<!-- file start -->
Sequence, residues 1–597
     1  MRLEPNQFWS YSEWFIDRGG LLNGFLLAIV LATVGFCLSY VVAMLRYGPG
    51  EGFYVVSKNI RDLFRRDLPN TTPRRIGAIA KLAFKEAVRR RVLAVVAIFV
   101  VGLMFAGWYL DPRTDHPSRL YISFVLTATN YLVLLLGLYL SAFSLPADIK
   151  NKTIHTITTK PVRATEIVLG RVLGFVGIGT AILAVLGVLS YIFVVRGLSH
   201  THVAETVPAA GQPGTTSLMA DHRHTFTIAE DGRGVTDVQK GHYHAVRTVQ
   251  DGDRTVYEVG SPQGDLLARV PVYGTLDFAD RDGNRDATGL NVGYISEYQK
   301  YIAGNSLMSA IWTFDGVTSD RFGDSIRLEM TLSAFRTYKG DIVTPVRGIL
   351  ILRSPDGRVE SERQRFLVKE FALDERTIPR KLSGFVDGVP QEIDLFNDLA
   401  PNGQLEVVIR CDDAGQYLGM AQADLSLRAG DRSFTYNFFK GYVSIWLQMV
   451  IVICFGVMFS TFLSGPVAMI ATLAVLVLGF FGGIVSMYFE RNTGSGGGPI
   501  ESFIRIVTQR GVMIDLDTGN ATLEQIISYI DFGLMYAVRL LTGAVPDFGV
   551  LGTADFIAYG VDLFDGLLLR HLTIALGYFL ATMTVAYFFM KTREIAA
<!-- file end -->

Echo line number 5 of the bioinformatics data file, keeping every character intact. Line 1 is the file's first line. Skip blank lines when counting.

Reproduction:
   151  NKTIHTITTK PVRATEIVLG RVLGFVGIGT AILAVLGVLS YIFVVRGLSH